Qualcomm Sells Some Wireless Spectrum, Report Predicts Cleantech Job Growth in San Diego, JMI’s Paul Barber Talks About Investment Strategy, & More San Diego BizTech News

The holidays have ended, and we have some catching up to do. Get ready for 2011 with our wrap-up of San Diego’s recent tech news.

Qualcomm said it was coming: The San Diego wireless giant agreed to sell the wireless spectrum that runs its Flo TV mobile television service to AT&T for more than $1.9 billion, after spending $683 million to acquire rights in the 700-megahertz band over several years in the mid-2000s. Qualcomm Chairman and CEO Paul Jacobs said last summer that its Flo TV network could be used to “data cast” magazines, video, and other content to mobile devices in a much more cost-effective manner—and AT&T said that’s how it plans to use it. CNET put together a good rundown of what the deal means for AT&T, which you can find here.

—Tyler and Cameron Winklevoss, the twins who settled their lawsuit against Facebook and Mark Zuckerberg for $65 million, told the New York Times that they intend to appeal their own settlement for a chance at a bigger windfall. The Winklevoss brothers, who are now living in San Diego while they train for the U.S. Olympic rowing team, told the Times they will pursue their case on Jan. 11 before the United States Court of Appeals for the Ninth Circuit in San Francisco. The Winklevoss twins allege that Zuckerberg stole their idea in creating Facebook, which calls their contentions “absurd” and the claims “frivolous.”

—A report from the San Diego Foundation determined that clean technology companies in San Diego County have attracted $445 million in venture capital over the past five years. Based on existing trends, the report predicts that clean energy and cleantech industries will become major job creators here for years to come. The report also says local cleantech companies already have the potential to draw $200 million to $1 billion in further investments, and that would create between 5,400 and 27,000 jobs.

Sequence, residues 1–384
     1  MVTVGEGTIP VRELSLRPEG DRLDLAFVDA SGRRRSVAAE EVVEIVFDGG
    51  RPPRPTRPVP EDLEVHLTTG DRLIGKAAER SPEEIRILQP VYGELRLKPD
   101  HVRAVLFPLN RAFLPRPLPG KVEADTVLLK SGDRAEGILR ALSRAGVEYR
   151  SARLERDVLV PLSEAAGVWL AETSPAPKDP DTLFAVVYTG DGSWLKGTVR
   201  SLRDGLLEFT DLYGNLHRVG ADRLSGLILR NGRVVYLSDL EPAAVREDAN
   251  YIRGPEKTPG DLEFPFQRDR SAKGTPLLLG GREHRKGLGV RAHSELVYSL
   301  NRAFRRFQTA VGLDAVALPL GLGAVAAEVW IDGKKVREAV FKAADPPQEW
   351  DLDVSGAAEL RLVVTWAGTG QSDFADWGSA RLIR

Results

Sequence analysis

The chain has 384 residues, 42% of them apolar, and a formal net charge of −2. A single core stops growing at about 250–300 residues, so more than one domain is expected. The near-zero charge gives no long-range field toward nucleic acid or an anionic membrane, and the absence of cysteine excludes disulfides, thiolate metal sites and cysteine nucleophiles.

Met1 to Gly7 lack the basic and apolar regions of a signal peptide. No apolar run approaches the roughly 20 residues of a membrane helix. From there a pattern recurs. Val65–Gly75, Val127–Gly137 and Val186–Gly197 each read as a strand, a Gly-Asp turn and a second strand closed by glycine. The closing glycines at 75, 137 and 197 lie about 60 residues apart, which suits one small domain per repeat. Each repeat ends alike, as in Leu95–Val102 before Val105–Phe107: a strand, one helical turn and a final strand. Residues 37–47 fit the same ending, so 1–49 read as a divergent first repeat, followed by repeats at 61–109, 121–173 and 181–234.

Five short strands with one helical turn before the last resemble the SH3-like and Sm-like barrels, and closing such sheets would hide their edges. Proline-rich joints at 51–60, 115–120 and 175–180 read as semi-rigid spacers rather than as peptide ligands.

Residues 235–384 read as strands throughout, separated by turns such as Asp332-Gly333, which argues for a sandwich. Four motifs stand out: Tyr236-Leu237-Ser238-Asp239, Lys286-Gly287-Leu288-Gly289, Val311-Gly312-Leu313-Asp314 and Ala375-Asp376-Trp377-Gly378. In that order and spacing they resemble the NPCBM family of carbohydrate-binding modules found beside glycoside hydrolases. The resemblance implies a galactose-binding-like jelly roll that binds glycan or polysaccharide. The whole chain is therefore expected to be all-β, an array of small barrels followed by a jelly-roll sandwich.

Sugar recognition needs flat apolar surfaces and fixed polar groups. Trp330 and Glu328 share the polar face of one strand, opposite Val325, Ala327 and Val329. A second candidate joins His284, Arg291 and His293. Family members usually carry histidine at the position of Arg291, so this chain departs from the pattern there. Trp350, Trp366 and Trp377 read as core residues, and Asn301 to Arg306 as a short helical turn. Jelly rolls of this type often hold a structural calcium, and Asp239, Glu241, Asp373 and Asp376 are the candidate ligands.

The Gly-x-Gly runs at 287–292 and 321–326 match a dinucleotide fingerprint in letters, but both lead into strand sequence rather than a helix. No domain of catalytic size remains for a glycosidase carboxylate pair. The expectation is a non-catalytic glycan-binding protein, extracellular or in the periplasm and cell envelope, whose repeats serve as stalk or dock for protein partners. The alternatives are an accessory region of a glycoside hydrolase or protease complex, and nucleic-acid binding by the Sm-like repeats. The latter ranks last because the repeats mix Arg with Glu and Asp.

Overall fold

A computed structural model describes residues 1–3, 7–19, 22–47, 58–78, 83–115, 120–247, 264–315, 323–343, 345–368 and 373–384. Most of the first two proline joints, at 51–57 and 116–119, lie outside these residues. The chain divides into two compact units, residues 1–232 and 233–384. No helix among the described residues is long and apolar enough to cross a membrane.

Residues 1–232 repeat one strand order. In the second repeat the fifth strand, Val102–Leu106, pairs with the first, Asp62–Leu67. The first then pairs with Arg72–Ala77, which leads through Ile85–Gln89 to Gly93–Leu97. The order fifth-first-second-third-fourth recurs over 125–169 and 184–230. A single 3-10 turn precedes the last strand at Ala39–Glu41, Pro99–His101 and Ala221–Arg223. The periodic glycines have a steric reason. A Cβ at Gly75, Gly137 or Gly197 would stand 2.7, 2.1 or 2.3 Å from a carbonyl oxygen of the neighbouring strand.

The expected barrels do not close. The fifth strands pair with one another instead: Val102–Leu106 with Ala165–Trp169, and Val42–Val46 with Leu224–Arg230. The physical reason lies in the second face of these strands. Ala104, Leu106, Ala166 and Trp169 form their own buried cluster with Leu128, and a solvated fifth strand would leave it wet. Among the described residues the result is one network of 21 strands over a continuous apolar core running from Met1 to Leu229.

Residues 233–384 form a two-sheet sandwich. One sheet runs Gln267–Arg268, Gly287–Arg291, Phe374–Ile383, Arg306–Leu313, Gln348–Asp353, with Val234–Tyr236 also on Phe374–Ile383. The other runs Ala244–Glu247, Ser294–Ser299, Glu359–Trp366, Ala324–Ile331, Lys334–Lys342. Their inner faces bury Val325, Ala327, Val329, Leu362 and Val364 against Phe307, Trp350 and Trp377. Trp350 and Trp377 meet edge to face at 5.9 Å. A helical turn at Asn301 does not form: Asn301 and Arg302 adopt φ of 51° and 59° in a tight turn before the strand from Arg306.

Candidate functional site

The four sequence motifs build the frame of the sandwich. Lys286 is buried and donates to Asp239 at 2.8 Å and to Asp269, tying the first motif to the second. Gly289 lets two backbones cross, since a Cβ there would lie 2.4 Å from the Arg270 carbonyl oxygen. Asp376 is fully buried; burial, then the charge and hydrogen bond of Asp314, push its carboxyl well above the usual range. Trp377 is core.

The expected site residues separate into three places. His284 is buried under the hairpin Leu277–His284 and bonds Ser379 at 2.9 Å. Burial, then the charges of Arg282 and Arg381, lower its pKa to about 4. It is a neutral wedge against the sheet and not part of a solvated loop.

JMI Equity, based in San Diego and Baltimore, raised $875 million for its seventh fund, which San Diego managing member Paul Barber attributed to the performance of JMI’s previous investments. Barber told me there is “plenty of capital out there, but you have to demonstrate a consistency in your team, your focus, and your performance.” Barber also credits JMI’s performance to the firm’s narrow focus on software, Internet, business services, and healthcare IT.

—Xconomy gathered some of San Diego’s best business minds for an “on the record” dinner discussion in early December, and the experts agreed that access to capital remains the single biggest issue for seed-stage startups in San Diego. Hand in hand with the decline in local venture investing has been the shrinking size of the area’s indigenous venture industry.

—San Diego’s EMN8 has raised $12.2 million of a targeted $18.2 million equity round, after signing an agreement with IBM in September in which IBM is taking on EMN8’s manufacturing, services, and sales responsibilities. EMN8 makes transaction kiosks with touchscreen displays to accelerate customer orders at fast-food restaurants and other retailers.

—Del Mar, CA-based MeLLmo raised $10 million as the two-year-old startup broadens development of its visualization software for displaying business intelligence on mobile devices.

Two-thirds of VCs say they expect to see more venture-backed companies going public in 2011, according to a pre-holiday survey released by the National Venture Capital Association and Dow Jones VentureSource. The venture capitalists also predict that venture firms will invest more capital in the coming year.

Bruce V. Bigelow is the editor of Xconomy San Diego. You can e-mail him at bbigelow@xconomy.com or call (619) 669-8788 Follow @bvbigelow

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